No product is perfect, but sales copy is not the place to talk about the limitations of your offering. Sales copy should focus on only the strongest sales points that will appeal to consumers. This does not mean misleading consumers by providing a false representation of your offering. Instead, it simply provides the most important information that will allow customers to determine why your product meets their needs or appeals to their wants.

Treat Sales Copy as a Conversation

There’s no time to be pretentious or ambiguous in sales copy. Creative writing is best saved for your blog content. Treat every piece of sales copy as if it is a direct conversation with your model customer. Convey the product features, benefits, and the most compelling reasons to buy. Keeping things simple means that your message won’t be lost and the reader will have absorbed all of the information by the time they reach your persuasive call to action.

Technical Details Can Promote Trust

Sales copy can include technical details when they are relevant and expected by your market. The tech industry (laptops, consoles, smartphones, gadgets) makes heavy use of technical details in sales copy. Power tool companies also focus on technical specifications. The automotive industry is another example where it’s beneficial to quote some technical details in your copy.

You’ll need to know your audience to determine whether you include technical details or not. As an example, a line of plastic food containers made from natural polymers would be effectively marketed as using plant based plastic, but audiences wouldn’t form a strong connection to copy that states the scientific name of the polymer and the specific biological ingredients.

Address Objections in the Copy

All consumers go through an internal decision making process where they will make objections to a product or service that is being offered to them. In your market research, you will need to determine what these objections may be, and you’ll need to address these in your sales copy.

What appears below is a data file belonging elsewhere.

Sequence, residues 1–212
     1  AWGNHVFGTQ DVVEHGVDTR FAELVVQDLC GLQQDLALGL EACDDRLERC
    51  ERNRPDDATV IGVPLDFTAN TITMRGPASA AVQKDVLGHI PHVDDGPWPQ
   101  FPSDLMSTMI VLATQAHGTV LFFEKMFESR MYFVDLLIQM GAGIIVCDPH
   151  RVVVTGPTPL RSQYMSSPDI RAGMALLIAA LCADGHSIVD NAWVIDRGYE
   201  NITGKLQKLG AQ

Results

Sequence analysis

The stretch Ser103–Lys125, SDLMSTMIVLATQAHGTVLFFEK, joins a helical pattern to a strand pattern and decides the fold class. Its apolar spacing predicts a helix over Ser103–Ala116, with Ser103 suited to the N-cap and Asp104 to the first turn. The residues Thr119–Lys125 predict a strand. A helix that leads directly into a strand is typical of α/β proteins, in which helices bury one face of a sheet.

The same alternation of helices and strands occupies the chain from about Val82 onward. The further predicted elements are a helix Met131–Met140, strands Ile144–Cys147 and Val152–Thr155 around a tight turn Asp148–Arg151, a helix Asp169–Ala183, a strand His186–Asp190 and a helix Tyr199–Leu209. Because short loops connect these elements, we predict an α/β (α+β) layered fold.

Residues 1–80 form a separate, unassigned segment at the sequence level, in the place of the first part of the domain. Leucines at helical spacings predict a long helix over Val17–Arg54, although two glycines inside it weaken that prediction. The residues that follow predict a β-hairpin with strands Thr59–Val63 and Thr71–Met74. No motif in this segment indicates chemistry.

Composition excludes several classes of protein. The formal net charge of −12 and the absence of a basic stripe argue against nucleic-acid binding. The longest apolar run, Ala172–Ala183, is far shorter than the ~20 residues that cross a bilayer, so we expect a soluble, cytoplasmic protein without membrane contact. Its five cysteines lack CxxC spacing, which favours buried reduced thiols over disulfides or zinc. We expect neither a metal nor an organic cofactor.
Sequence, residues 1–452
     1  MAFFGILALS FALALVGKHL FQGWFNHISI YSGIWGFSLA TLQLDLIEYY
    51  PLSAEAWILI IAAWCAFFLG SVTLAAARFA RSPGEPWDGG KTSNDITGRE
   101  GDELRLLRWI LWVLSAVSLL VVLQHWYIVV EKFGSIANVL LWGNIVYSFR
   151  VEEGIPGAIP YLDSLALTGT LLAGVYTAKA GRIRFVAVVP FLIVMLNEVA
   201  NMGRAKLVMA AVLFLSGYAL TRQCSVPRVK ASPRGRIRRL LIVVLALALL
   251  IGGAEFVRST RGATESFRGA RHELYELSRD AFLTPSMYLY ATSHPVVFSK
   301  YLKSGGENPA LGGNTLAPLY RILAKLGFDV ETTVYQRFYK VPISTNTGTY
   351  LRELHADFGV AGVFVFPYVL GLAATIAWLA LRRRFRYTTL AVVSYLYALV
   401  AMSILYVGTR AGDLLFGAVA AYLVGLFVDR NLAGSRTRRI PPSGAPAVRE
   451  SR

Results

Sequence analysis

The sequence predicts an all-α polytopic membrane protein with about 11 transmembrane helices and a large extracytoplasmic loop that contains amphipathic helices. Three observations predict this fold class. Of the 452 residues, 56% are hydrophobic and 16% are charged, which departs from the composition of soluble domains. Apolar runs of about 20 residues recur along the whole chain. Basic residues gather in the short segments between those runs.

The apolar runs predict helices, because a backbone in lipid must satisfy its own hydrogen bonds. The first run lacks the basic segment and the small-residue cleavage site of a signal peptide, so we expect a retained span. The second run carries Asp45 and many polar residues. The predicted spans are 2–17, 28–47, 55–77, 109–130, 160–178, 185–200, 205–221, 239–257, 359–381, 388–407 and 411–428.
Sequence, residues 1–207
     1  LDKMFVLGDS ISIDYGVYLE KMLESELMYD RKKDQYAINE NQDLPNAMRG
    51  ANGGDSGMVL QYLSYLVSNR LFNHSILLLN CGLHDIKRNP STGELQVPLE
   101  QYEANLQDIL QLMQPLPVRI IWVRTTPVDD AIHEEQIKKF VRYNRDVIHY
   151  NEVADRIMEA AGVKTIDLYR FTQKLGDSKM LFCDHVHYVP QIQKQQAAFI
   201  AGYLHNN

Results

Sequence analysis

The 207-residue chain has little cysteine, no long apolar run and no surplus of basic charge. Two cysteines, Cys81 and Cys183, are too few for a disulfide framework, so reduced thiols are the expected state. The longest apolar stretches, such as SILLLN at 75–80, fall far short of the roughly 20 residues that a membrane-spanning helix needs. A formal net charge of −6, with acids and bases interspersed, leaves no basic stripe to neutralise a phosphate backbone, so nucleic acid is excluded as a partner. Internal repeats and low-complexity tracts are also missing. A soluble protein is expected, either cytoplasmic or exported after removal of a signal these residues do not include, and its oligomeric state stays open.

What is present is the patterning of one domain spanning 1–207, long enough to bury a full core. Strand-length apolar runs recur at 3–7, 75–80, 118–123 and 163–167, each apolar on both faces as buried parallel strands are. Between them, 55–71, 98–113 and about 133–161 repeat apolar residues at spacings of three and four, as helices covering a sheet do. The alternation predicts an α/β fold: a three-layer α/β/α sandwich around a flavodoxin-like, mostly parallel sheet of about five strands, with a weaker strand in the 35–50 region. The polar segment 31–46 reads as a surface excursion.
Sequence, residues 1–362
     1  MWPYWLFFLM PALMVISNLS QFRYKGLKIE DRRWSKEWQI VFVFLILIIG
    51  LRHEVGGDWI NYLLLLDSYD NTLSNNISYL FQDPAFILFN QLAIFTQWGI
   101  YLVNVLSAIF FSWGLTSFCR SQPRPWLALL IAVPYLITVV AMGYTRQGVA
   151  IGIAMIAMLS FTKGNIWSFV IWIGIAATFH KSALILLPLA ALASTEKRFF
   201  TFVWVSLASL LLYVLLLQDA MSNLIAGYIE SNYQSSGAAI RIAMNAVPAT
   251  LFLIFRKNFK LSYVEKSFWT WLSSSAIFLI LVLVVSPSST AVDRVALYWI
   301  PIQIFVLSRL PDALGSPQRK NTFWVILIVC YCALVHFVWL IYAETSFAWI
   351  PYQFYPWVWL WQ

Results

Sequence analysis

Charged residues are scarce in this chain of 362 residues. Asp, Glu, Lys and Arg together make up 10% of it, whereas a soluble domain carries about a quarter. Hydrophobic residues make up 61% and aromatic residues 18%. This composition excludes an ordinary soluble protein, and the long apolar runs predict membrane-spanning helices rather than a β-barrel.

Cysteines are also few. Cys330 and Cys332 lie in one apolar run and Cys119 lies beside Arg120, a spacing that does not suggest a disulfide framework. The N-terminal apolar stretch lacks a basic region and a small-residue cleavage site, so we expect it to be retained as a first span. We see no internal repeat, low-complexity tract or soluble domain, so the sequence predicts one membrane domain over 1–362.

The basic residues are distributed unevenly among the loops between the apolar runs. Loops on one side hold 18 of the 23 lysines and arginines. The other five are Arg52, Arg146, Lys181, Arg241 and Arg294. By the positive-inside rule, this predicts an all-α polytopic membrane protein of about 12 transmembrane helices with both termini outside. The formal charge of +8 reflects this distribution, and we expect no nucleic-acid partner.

We can look at a lot of the marketing in the tech industry to see how objections are addressed in copy. Cell phone screens have been steadily increasing in size over the past decade, which was once seen as undesirable. Marketing copy today focuses on screen size as a benefit, but addresses objections by illustrating how relative phone size and thickness has decreased in relation to the size of the glass. Companies focus on the feel and the usability of smartphones, as well as highlighting one-handed usability features and comfort.

If you know where your customers might create internal objections, you’ll be able to address these directly or indirectly in your sales copy.

Wrap it All Up with a Powerful Call to Action

When you create sales copy that uses passionate and energetic language, you’ll have a better chance of connecting with your market. Of course, you’ll need to tie it all together with a statement or paragraph that calls a customer to action. This step converts traffic into buyers, and is critical to making your copy work.

A call to action should be a combination of an instruction and the benefit of doing so. Don’t simply ask your readers to order today, but instead tell them why they need to. Is it a limited offer, is the product limited in volume, does the product solve a problem that has never been addressed before? The call to action is your biggest opportunity to speak to the emotions of your audience and compel them to make the next step.

Poor sales copy wastes time and may even damage your brand, but good sales copy can define the success of your business. If you want to increase revenue by moving units or selling your services, then you’ll need the most effective sales copy that is tailored to your brand and unique offering. Low Price Articles offers a team of professional USA writers with exceptional skills in sales copy content creation.